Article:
Know the basics of email etiquette; the do’s and don’ts of electronic communication.
The Do’s and Don’ts of Email
Every language and every media has its rules; some explicit, some implicit. And like so many things, not everybody agrees on what is the definitive list of do’s and don’ts. Netiquette applies to much more than email, of course, but we’re talking about the basics here. So, for the purpose of this PD Tile, the focus is on knowing and observing the following set of 6 basic rules in your emails:
The Subject Counts
A thoughtfully written subject line tells your recepients what your email is about and, in essence, tells them implicitly how to deal with your email. A vague or absent subject is likely to put your email at the end of the “to-read” list. A short, descriptive subject line is a way of respecting the fact that your recepients might have a lot email to deal with.
Using caps in written electronic communication, especially email, is the equivalent of shouting. But this parallel to yelling is not limited to caps: oversized fonts, loud colors, even bold characters are sometimes perceived as inappropriate by many. It is best to steer clear of elaborate text formatting in email unless absolutely necessary. There are elegant email newsletters that make proper use of text formatting, but is usually preferable for your everyday emails to avoid the formatting tools altogether.
Be Color Kind
Unless you are emailing a friend or family member, it is often best to keep your emails sobre. Use of color for fonts, backgrounds images or colors, animated GIFs, script fonts and other elements of the sort are often regarded as poor design, gaudy, amateur, or simply silly. Avoid them if possible.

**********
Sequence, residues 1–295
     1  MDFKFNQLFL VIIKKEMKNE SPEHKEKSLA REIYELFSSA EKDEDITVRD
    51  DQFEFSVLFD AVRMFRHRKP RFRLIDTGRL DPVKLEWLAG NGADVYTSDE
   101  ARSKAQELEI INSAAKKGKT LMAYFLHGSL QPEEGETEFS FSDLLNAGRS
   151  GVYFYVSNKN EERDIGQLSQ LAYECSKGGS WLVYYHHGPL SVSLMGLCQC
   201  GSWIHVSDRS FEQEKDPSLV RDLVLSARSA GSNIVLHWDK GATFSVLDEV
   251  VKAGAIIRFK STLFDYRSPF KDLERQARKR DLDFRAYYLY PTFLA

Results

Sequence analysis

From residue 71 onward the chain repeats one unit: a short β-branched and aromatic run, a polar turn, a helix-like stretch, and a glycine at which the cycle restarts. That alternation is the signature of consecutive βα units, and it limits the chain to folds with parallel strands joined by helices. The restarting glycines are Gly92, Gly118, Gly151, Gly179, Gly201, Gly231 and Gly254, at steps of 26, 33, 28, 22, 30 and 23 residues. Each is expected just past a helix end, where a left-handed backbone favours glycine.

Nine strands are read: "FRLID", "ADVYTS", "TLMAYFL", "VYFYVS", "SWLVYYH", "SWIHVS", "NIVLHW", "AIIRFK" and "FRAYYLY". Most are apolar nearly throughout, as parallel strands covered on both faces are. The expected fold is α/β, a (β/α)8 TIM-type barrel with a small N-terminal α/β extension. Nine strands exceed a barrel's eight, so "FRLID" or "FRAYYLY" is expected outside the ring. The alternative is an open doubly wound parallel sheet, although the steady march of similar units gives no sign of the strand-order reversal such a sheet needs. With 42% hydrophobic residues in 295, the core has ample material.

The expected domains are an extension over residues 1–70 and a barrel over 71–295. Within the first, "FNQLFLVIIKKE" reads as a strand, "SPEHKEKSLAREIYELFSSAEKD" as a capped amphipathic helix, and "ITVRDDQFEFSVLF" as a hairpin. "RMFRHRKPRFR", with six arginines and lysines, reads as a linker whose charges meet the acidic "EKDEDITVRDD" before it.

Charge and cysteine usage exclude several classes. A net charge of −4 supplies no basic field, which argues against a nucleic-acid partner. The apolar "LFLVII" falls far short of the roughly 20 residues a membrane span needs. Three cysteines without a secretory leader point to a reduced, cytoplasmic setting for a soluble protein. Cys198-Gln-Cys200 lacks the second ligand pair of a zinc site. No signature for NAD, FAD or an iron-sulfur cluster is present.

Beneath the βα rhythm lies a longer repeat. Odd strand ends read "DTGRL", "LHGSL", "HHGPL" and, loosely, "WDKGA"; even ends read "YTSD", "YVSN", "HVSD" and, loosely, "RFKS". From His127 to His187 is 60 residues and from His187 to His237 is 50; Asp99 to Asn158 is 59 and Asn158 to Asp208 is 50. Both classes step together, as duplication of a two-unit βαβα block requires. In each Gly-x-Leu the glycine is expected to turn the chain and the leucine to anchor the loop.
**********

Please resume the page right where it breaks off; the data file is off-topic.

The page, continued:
Keep it Short
An email is not a letter. It should deal with a single subject in a straightforward fasion.
Avoid replying to a list of recipients unless your reply is relevant for each of them. The “Reply all” button is not an option to show other people that you care or that you read the original email. Very often, replying to the sender is sufficient.
Opening an attachment is asking your recipient to take more steps in reading your email; make sure it’s worth it. People tend to find it very annoying to open an attachment for content that could have been in the email per se. This is especially true of people who open a lot of their emails on a smartphone or other mobiles device. When an attachment is appropriate, make sure it is of email-appropriate size; multimedia files seldom are.
Answer your emails within 48 hours, even if only to say you’ve received the email and can’t offer a full answer right away, and wait at least 72 hours before sending a reminder on an email you sent.
There are always exceptions, of course. Like so many things, critical thinking and sound judgement are key. But if you find yourself circumventing these basic rules often, chances are you should question why.
Want to know more? Here are a few resources that can help you master some of netiquette’s most subtle rules:
Do’s and Don’ts of Email Writing – by Laura M. Brown, author of “How to Write Anything”
12 Do’s and Don’ts of Email Communication, Bob Whipple, Leadergrow inc.
Do’s and don’ts of Email writing, My English Guru